How Nintendo made video game music mainstream

Written by Tom | 30th October 2019 | Updated April 13 2023

When Nintendo launched Super Mario Bros. on the NES (Nintendo Entertainment System), it didn’t just reintroduce us to Mario, Luigi, Princess Peach and champion the joys of side-scroller—Nintendo was one of the first game publishers to make music an integral part of the gaming experience. Since then, Nintendo’s music has gone from strength to strength; from the lilting orchestras of The Legend of Zelda to the sparse soundscapes of the Metroid series, to the eponymous Super Mario movie in 2023. We dived into the company’s sonic history and how the company changed gaming music forever. 

Opening score

Back in the mid-1980s, the video game industry was in decline. 1983 saw a sharp drop in revenue for games and questions over the longevity of consoles and home computers were raised. Japan and the United States were hit especially hard by this and both markets were close to collapse . That is, until Nintendo launched the NES in 1985 – a console credited with reviving the industry and producing one of the most critically acclaimed games of all time: Super Mario Bros. While the platform-scrolling gaming format was revolutionary in itself, Super Mario Bros. pioneered another feature that video games had previously yet to tap into: music. 

The main plaudits went to the game’s theme song, ‘Overworld’, which would become one of the most recognisable jingles in gaming history. Composed by Nintendo’s Koji Kondo (often fondly dubbed the Mario Maestro) ‘Overworld’ pushed the boundaries of what music in video games meant. Rather than considering music to be an afterthought to the game design, Kondo positioned it as a fundamental part of the experience. Practically, this meant that music became the connection between movement and sound – Mario moved and jumped in step with the chipper nonchalance of the song. 

The 'Overworld' theme is one of the most recognisable gaming jingles, now synonymous with Super Mario

And Kondo etched music into every aspect of the game; Mario levels that took place underwater were soundtracked by a waltz that synchronised with the glinting of the gold coins and bouncing Bloopers (Super Mario’s version of squids). Even the file select screen music of Super Mario 64 has become an iconic song fans continually revisit. Kondo’s premise was that music should be the medium that connects everything you see with everything you feel.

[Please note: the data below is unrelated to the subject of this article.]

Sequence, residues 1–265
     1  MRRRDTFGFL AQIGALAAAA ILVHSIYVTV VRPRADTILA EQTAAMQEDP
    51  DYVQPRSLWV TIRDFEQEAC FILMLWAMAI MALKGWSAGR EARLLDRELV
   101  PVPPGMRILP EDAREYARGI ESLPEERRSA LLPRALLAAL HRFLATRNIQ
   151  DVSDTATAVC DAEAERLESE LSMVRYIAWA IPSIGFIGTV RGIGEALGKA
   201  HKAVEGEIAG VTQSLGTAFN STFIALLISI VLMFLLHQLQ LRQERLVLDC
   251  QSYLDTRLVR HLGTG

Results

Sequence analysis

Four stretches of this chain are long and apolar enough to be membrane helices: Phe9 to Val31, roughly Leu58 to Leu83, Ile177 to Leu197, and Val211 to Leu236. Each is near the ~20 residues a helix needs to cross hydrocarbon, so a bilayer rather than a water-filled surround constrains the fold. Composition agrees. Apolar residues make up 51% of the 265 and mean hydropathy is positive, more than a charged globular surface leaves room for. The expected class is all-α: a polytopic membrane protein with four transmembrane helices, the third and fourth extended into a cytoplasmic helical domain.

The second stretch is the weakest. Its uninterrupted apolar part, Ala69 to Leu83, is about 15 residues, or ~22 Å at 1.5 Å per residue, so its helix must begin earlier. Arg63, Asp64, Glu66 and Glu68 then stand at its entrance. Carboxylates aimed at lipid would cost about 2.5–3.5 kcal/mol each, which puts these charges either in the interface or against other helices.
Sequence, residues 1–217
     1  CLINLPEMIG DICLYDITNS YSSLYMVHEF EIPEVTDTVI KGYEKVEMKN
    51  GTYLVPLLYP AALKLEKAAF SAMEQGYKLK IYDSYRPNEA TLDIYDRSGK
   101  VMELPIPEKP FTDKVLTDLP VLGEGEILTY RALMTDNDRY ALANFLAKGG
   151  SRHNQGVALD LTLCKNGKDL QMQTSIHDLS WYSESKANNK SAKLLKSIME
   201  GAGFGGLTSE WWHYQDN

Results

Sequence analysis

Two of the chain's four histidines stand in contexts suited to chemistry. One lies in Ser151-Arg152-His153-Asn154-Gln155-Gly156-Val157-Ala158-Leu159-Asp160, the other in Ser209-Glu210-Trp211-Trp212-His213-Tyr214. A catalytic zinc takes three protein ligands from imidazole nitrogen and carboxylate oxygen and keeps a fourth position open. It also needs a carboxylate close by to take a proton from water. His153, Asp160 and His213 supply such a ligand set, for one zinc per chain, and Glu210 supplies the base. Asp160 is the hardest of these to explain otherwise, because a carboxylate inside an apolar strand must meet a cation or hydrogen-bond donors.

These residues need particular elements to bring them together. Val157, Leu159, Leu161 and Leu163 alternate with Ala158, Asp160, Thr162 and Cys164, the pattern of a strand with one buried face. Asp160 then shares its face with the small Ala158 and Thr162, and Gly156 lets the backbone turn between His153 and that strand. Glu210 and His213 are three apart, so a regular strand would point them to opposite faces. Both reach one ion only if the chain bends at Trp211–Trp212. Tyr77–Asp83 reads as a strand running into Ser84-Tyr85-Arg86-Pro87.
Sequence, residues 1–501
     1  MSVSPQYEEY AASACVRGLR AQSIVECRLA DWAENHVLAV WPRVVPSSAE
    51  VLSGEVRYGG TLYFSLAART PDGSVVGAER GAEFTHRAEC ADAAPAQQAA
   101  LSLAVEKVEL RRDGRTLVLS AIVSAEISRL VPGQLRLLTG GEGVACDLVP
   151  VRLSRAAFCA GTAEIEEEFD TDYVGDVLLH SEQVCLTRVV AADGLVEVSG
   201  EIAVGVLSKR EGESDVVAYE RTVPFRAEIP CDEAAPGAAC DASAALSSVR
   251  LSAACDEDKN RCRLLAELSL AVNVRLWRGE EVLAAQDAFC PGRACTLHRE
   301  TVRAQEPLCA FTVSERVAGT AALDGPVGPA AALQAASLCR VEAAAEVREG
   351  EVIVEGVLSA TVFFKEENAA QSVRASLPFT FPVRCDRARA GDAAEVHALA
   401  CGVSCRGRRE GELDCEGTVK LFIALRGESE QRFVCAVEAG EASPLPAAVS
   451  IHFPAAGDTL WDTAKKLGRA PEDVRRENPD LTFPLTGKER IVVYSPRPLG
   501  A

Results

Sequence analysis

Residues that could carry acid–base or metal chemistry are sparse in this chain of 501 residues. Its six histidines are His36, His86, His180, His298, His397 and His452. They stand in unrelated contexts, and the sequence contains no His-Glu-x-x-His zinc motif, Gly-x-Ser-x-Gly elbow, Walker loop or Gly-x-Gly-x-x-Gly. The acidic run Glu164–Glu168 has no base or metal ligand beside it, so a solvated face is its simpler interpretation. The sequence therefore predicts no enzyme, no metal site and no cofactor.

Lingering feeling

Perhaps what sets Nintendo apart is the feelings its music tends to evoke. Ask any Nintendo fan and you’ll hear words like ‘nostalgia’, ‘homesick’ and ‘yearning’ used to describe the soundtracks. And while much of this can be linked to that age of the players when the games were first released, there’s an emotive quality distinct to the Nintendo scores. Music was, as Kondo describes, a way to bring the game to life and tell a story. And there’s arguably no game that does this better than Nintendo’s classic title The Legend of Zelda

The land of Hyrule (that has served as the setting for most of the series’ games) is one that has always been defined by music – the ocarina in Ocarina of Time, the conducting baton of The Wind Waker or the harp that crops up in most games, are all instruments integral to the game (some games even take their names from them). Consequently, the actual sound has always been pivotal in not just enhancing the game but also understanding it. Many of the songs in Zelda games function not just as a soothing soundtrack for your journeys across this fictional land but also as a friend throughout the game. Whenever Link (the game’s protagonist) is lost or in need, he often turns to his instrument and music to save him. 

Ocarina of Time isn't just regarded as one of the best games ever – it's also lauded for having one of the greatest soundtracks

The soundtracks are now widely revisited and lauded for their diversity – from rumbling orchestral might (The Wind Waker) to melancholic folk numbers like the Song of Storms (Majora’s Mask) – and it is a testament to their impact that they’re still able to revive memories of a time and place among contemporary players today. 

Innovative sounds

Nintendo’s approach to music has always been forward-thinking. And the company has continuously paved the way for gaming audio to advance in terms of technical requirements too. The introduction of the 8 and 16-bit processors, for instance, were a mode of technology that gave Nintendo’s early music a uniquely electronic flavour. 

Beyond the likes of Zelda and Mario, games such as Metroid helped shape what gaming music could be. Sweeping melodies and cheerful tunes were swapped for sparse, ethereal soundscapes that helped affirm the isolation and remoteness of the Metroid world, making for perfect winter listening. While the Metroid scores weren’t inherently musical in the traditional sense, they helped pioneer a genre of music that was atmospheric and challenged musical norms. When the composer of the Metroid soundtracks, Hirokazu Tanaka, was asked how he approached the series, he said that instead of seeing the music as a backing and atmosphere, he wanted to create a primal and immersive sound that could as easily be the sound of one of the world’s haunted creatures, as it could be actual music. 

Metroid Prime is the GameCube generation edition of the Metroid Series and reflects the series' classic sparse sound

And if there’s any doubt around Nintendo’s impact on music still, press play on some of today’s most popular artists – Drake, Childish Gambino – and you may find a Nintendo jingle or two sampled in their songs, where the gentle yearning of Hyrule’s music lives on. 


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